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Using under-ice hyperspectral transmittance to determine land-fast sea-ice algal biomass in Saroma-ko Lagoon, Hokkaido, Japan

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Title: Using under-ice hyperspectral transmittance to determine land-fast sea-ice algal biomass in Saroma-ko Lagoon, Hokkaido, Japan
Authors: Wongpan, Pat Browse this author
Nomura, Daiki Browse this author
Toyota, Takenobu Browse this author
Tanikawa, Tomonori Browse this author
Meiners, Klaus M. Browse this author
Ishino, Tomomi Browse this author
Tamura, Tetsuya P. Browse this author
Tozawa, Manami Browse this author
Nosaka, Yuichi Browse this author
Hirawake, Toru Browse this author
Ooki, Atsushi Browse this author
Aoki, Shigeru Browse this author →KAKEN DB
Keywords: Biogeochemistry
sea ice
sea-ice ecology
Issue Date: 1-Dec-2020
Publisher: Cambridge University Press
Journal Title: Annals of glaciology
Volume: 61
Issue: 83
Start Page: 454
End Page: 463
Publisher DOI: 10.1017/aog.2020.69
Abstract: Sea ice, which forms in polar and nonpolar areas, transmits light to ice-associated (sympagic) algal communities. To noninvasively study the distribution of sea-ice algae, empirical relations to estimate its biomass from under-ice hyperspectral irradiance have been developed in the Arctic and Antarctica but lack for nonpolar regions. This study examines relationships between normalised difference indices (NDI) calculated from hyperspectral transmittance and sympagic algal biomass in the nonpolar Saroma-ko Lagoon. We analysed physico-biogeochemical properties of snow and land-fast sea ice supporting 27 paired bio-optical measurements along three transects covering an area of over 250 m x 250 m in February 2019. Snow depth (0.08 +/- 0.01 m) and ice-bottom brine volume fraction (0.21 +/- 0.02) showed low (0.06) and high (0.58) correlations with sea-ice core bottom section chlorophyll a (Chl. a), respectively. Spatial analyses unveiled the patch size of sea-ice Chl. a to be similar to 65 m, which is in the same range reported from previous studies. A selected NDI (669, 596 nm) explained 63% of algal biomass variability. This reflects the bio-optical properties and environmental conditions of the lagoon that favour the wavelength pair in the orange/red part of the spectrum and suggests the necessity of a specific bio-optical relationship for Saroma-ko Lagoon.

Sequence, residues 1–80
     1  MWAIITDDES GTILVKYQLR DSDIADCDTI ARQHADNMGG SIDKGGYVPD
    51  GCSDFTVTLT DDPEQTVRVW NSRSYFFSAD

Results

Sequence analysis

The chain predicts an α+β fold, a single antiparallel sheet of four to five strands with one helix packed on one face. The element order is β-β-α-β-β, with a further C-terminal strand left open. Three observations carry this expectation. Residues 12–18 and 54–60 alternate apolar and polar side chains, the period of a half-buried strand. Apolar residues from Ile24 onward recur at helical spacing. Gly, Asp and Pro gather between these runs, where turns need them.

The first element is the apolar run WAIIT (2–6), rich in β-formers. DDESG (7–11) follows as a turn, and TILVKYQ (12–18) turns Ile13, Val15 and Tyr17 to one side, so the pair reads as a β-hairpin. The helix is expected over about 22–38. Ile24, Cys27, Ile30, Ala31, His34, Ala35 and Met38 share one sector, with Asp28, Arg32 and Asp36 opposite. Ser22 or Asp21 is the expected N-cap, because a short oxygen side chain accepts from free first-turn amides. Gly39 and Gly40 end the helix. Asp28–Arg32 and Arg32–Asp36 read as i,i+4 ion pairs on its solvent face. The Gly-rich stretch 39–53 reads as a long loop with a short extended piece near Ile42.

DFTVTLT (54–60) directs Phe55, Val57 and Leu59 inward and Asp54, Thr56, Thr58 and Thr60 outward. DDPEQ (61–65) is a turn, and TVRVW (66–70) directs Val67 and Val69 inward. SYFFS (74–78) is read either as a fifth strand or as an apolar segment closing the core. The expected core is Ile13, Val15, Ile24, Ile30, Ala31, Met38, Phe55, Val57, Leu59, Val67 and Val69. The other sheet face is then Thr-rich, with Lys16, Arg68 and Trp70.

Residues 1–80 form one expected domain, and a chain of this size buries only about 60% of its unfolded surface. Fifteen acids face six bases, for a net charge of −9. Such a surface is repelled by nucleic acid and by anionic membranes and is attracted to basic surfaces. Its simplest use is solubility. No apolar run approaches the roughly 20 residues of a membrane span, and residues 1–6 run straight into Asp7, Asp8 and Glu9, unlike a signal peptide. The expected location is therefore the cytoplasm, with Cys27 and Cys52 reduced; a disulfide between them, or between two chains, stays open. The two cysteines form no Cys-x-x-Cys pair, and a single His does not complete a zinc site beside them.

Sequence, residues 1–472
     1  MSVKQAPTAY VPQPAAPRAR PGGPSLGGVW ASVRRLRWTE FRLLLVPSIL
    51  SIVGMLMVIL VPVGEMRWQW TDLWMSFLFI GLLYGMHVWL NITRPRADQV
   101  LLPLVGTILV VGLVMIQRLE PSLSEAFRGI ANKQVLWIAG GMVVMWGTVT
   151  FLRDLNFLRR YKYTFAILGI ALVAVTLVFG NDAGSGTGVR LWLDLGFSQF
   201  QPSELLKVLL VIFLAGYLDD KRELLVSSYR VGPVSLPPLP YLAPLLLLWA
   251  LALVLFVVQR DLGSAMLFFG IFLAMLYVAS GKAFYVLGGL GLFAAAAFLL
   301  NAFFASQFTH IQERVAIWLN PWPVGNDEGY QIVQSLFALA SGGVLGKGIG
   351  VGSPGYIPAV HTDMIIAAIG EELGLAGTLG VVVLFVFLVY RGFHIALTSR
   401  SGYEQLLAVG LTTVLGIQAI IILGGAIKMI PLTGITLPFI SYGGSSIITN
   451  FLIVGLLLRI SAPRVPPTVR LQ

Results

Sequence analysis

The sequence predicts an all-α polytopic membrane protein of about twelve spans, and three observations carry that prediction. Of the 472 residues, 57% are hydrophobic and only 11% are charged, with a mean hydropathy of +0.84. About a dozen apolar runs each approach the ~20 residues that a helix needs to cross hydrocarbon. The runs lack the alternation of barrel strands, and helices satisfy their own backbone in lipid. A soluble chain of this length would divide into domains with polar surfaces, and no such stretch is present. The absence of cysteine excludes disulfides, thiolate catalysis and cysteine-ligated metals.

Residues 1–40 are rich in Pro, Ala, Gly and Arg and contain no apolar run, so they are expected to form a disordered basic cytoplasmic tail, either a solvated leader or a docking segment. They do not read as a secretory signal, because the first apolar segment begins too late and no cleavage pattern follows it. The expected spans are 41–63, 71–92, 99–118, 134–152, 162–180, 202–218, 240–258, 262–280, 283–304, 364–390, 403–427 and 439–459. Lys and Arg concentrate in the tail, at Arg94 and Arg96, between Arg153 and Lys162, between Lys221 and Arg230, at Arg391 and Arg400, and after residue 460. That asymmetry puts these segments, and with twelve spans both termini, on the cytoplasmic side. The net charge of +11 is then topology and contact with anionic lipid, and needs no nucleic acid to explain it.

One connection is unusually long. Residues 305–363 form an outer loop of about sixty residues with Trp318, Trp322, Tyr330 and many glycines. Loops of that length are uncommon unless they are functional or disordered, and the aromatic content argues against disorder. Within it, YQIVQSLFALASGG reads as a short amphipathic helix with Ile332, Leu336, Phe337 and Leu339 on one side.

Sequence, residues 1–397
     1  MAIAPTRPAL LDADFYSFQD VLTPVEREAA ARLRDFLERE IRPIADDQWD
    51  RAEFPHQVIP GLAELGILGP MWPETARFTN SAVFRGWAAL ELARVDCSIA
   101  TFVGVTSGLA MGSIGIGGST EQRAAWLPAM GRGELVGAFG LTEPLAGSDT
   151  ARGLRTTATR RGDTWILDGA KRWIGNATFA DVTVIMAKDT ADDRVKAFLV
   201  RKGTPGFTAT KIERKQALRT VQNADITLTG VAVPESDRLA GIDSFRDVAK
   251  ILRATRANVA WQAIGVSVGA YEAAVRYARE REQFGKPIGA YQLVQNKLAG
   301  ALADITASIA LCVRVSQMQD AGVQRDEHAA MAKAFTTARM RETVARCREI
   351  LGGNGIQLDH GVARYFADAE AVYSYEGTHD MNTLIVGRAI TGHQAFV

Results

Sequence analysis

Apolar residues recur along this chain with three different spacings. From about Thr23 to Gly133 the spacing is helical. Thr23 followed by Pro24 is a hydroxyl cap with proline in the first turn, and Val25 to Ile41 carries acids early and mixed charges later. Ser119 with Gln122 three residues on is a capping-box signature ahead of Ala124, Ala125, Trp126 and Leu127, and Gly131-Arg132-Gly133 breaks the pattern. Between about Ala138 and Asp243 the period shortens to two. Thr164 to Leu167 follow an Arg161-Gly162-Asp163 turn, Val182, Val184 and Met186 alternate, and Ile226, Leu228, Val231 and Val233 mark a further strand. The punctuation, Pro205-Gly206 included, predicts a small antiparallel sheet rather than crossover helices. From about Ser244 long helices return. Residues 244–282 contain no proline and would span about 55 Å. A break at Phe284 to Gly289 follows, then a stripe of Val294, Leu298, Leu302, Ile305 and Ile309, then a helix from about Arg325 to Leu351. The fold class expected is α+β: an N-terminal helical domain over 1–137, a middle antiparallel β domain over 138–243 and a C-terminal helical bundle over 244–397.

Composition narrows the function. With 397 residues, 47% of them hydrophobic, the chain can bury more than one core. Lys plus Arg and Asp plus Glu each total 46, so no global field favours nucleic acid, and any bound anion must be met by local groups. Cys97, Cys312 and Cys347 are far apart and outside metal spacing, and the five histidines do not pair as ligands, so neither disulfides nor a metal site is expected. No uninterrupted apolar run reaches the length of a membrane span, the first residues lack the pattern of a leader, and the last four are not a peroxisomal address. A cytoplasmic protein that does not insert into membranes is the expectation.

Type: article
Appears in Collections:低温科学研究所 (Institute of Low Temperature Science) > 雑誌発表論文等 (Peer-reviewed Journal Articles, etc)

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